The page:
If you’re considering canceling your credit card because you’re worried about overspending on the card, you also have the option to just take it out of your wallet. Depending on your situation, simply placing the card in your sock drawer, for instance, might prevent you from overspending without having to actually close the account.
Check Your Credit Report Before Closing an Account
If you’ve decided to close your credit card account, you’ll want to check your credit report both before and after canceling your card. If you’re concerned about how checking your credit score affects your rating, remember that it won’t affect it.
Also keep in mind that you have different credit scores, so take some time to check each one before and after closing your account. That way, you’ll have an accurate idea of how closing your credit card affected your credit score.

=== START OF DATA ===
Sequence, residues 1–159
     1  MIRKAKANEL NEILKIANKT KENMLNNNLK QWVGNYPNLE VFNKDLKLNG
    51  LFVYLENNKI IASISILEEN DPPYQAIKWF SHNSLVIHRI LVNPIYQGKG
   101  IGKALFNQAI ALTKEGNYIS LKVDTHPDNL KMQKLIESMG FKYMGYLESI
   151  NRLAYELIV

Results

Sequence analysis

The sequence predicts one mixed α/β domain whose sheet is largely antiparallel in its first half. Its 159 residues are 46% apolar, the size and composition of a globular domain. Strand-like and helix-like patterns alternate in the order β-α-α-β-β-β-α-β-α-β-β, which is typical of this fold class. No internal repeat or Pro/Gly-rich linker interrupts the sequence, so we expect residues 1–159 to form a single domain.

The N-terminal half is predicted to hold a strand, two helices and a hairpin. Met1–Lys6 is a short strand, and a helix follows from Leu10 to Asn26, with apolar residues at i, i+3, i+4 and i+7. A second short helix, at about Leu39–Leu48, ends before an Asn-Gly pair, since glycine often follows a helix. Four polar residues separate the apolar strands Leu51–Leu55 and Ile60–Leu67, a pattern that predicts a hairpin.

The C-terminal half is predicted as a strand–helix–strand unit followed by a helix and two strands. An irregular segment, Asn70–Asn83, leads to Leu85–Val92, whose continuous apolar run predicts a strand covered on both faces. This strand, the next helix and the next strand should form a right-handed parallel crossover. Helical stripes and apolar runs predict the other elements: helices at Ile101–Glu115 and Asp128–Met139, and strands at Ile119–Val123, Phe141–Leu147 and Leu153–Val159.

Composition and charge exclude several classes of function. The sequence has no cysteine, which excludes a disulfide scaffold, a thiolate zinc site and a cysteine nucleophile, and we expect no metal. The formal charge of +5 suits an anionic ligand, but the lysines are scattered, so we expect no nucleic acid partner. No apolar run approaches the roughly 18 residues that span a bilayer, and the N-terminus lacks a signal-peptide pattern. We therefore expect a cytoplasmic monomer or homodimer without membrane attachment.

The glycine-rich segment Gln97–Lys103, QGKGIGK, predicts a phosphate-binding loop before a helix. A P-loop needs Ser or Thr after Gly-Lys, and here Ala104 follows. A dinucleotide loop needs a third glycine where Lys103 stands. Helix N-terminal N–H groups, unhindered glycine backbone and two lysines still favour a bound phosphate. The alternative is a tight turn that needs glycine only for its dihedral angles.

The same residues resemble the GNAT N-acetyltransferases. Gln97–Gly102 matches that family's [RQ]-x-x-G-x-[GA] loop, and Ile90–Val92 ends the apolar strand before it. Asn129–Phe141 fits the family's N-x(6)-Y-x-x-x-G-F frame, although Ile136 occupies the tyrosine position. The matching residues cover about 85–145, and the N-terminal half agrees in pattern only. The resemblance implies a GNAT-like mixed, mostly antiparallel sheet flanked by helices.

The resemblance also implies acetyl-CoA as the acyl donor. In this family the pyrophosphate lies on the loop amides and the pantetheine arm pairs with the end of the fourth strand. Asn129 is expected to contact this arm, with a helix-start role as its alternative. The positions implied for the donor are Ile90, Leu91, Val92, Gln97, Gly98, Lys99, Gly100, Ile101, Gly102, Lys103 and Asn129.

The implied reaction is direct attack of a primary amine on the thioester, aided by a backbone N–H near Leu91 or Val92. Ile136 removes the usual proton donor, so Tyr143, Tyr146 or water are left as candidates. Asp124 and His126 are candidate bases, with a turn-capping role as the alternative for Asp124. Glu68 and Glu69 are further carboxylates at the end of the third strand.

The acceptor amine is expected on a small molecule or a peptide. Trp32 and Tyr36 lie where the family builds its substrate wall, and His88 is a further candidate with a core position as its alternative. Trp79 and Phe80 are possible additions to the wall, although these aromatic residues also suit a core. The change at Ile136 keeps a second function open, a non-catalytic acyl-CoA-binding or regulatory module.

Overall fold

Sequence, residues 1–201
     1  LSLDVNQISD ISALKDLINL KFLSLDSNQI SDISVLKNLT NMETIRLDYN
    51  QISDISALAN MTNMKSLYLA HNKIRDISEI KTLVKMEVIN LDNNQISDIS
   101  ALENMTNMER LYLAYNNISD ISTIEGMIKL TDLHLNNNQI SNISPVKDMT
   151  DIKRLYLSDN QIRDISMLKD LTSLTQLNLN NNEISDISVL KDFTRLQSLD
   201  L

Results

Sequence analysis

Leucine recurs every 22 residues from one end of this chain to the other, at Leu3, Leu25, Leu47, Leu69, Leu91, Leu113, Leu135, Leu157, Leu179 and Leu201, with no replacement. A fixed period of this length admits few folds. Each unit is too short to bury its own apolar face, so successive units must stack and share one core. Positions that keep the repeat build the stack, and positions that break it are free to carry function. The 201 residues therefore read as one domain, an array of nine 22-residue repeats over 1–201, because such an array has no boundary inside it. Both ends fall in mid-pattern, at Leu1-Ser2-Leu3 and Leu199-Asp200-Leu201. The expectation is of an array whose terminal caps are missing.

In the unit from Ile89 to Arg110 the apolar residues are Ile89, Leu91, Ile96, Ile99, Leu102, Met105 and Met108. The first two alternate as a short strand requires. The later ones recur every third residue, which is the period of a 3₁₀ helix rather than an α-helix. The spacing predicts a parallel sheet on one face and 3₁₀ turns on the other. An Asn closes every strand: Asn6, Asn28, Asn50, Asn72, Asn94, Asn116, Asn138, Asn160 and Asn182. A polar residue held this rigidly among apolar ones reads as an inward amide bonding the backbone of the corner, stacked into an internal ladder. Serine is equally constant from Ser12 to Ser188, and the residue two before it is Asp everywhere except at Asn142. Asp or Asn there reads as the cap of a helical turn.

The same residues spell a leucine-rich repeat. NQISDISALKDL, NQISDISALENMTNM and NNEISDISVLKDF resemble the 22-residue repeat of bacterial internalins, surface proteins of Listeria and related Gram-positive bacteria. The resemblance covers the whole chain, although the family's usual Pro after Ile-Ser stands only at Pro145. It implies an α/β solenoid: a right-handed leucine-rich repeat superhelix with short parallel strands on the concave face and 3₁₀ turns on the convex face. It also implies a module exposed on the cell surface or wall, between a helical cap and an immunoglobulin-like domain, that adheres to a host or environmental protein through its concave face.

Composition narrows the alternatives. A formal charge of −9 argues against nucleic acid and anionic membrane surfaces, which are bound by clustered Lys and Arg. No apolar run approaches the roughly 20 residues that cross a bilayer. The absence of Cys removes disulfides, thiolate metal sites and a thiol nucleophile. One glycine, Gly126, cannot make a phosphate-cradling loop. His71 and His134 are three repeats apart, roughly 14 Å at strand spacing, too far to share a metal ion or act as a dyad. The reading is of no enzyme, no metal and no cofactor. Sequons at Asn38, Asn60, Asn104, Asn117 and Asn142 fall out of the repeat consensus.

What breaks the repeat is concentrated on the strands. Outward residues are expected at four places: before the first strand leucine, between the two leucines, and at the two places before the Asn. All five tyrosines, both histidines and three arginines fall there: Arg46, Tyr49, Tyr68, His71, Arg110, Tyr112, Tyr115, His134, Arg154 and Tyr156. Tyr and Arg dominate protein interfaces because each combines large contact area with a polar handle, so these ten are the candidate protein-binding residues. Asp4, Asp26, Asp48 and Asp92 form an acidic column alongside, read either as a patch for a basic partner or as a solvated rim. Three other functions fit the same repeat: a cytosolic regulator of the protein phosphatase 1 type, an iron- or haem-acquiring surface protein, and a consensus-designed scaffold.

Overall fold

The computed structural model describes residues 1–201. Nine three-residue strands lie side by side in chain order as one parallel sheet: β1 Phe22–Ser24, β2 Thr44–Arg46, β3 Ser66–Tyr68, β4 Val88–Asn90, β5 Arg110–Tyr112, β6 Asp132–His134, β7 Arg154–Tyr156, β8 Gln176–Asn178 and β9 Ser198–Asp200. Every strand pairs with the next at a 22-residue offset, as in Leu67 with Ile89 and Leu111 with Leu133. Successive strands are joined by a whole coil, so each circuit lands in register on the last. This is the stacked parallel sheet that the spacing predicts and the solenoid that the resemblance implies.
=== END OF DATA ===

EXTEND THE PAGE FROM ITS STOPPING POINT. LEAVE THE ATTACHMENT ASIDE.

While closing a credit card likely won’t have a huge impact on your credit score, it can lower it, especially in certain situations. Unless you have a good reason for closing your account, you may want to consider keeping your credit card open. Instead, you could consider downgrading to a no-fee card, negotiating with your credit card company, or just taking your card out of your wallet.
If you’re looking to open a new credit card, you might consider a cash-back rewards credit card like the SoFi Credit Card. With the SoFi credit card, you can earn unlimited cash-back rewards that you can use to invest in fractional shares or for other financial goals you might have like paying down eligible SoFi debt. Learn more and apply for a credit card with SoFi.